Maverick Moments

These stories highlight students, faculty, staff, and/or events from Student Affairs Offices fostering big ideas and real-world thinking on campus and in the community.

Matt DuRose

This photograph was taken on Matt's first day of graduate school classes. His children insisted he take a first day of school picture like they do.

For the last 15 years, Matt DuRose has been working for the Police Services Division of the Mankato Department of Public Safety. Throughout his tenure, he has applied the knowledge and skills he learned at Minnesota State University, Mankato, where he earned a degree in Law Enforcement.

Currently, Matt is a Commander assigned to the geographic area that includes Minnesota State Mankato and the surrounding off-campus housing. He enjoys being around campus again and connecting with students, staff and faculty. Matt has also had the opportunity to oversee the department’s new officer training program and internship program, in which many of the participants have a connection to Minnesota State Mankato.

Every year, Matt will recruit at many of the job and internship fairs on campus. Through his recruitment, Matt is able to supervise up to four interns each semester. Matt enjoys this experience because he is able to connect with other students who are pursuing a passion of his. In addition, he is able to help provide an experience for these students to get hands-on experience in the field. This real-world experience opens doors for other opportunities, such as the volunteer police reserves or even full-time employment.

Over the years, Matt has also partnered with different student organizations and offices to provide programs. He has started to reach out to student organizations across campus beyond the Law Enforcement club, in hopes of expanding the Department of Public Safety’s services in other areas besides just safety and enforcement.

For example, Matt and many of his colleagues have collaborated with Student Health Services and Health Pros. Together, these groups sponsor a program known as House Party. This event is a great way to help provide education around the potential dangers of binge drinking. This is just one of the many events that Matt contributes to on campus to help connect the campus, the community and the Police Department.

Recently, Matt began thinking about his own career goals. He has always wanted to be able to advance within his own department, so he started looking around for ways to increase his knowledge. This period of self-reflection led him to enroll in the Public Administration master’s program last fall.

Even though he had the full support of his wife and kids, as well as the support of his unit, Matt admits that he was a little nervous about getting back into the swing of school after being away for 15 years. After a couple weeks of classes, however, that all changed.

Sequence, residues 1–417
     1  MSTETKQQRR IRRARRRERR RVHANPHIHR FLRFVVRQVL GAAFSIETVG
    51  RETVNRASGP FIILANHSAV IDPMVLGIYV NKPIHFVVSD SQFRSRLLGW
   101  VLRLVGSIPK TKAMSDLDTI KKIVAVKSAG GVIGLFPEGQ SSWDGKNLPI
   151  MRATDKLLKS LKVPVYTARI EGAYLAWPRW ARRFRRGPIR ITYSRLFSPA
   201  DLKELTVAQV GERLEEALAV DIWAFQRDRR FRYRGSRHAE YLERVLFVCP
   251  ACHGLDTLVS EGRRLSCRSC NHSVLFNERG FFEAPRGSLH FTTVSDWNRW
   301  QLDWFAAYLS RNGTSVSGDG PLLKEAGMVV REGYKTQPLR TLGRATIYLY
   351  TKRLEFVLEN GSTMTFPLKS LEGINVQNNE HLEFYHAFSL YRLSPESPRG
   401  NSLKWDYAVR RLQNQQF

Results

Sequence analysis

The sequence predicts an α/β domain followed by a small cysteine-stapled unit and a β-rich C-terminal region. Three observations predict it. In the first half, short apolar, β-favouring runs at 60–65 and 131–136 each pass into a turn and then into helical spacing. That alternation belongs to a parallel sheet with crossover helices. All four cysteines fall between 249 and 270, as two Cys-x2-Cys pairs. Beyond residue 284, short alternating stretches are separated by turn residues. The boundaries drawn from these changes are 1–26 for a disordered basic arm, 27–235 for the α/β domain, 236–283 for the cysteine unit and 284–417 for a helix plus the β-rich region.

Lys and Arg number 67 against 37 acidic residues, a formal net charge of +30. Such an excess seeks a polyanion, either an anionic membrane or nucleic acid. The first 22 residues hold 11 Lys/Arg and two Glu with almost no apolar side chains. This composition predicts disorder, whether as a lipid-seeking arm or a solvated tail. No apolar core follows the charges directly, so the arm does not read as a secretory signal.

That’s when Matt realized that this time, being in the classroom felt different. The program includes students of diverse backgrounds who are all interested in public administration for varying reasons. As a result, the classroom discussions are fruitful.

When doing his homework at home, often with his two kids keeping him company, Matt is able to grasp the readings and apply the ideas to his own professional experiences. He is also able to share his perspective during the classroom discussions. Although Matt appreciated his experience as an undergraduate at Minnesota State Mankato, he feels that what he is learning as a graduate student is much more rich.

Matt’s real-world experiences with the Mankato Department of Public Safety have had a huge impact on his learning in the classroom. Likewise, the content he’s learning in the classroom can be applied right away to his professional experiences. This practical experience that Matt, and many other graduate students encompass, is a great asset to pursuing advanced degrees at Minnesota State Mankato.

This story highlights students, faculty, staff, and/or events from Student Affairs Offices fostering big ideas and real-world thinking on campus and in the community.

Seth Hoscheit

For many students at Minnesota State University, Mankato, the Campus Recreation office (otherwise known as Campus Rec) allows them to get involved, be active and fulfill their competitive hankerings by participating in intramurals. However, graduate student Seth Hoscheit has found another edge to intramurals that may lead him to an unexpected career.

Seth, a native of New Ulm, Minn., refereed basketball and football games and was an umpire for baseball games in high school. When he transitioned to Minnesota State Mankato as an undergraduate, continuing to officiate allowed him to stay involved in athletics —and helped cover some of his expenses as well.

Seth’s interest in officiating led to a connection with Todd Pfingsten ’89, the director of Campus Rec. Pfingsten’s guidance and mentorship helped Seth grow as a referee. “[He taught me that my] job as an official is to work hard for the players on the court and ensure that they have a fair opportunity every time,” he says. “The job is not about [the officials], it’s about the athletes having an enjoyable experience, and [the officials] are a large part of making sure that games are fun and safe.”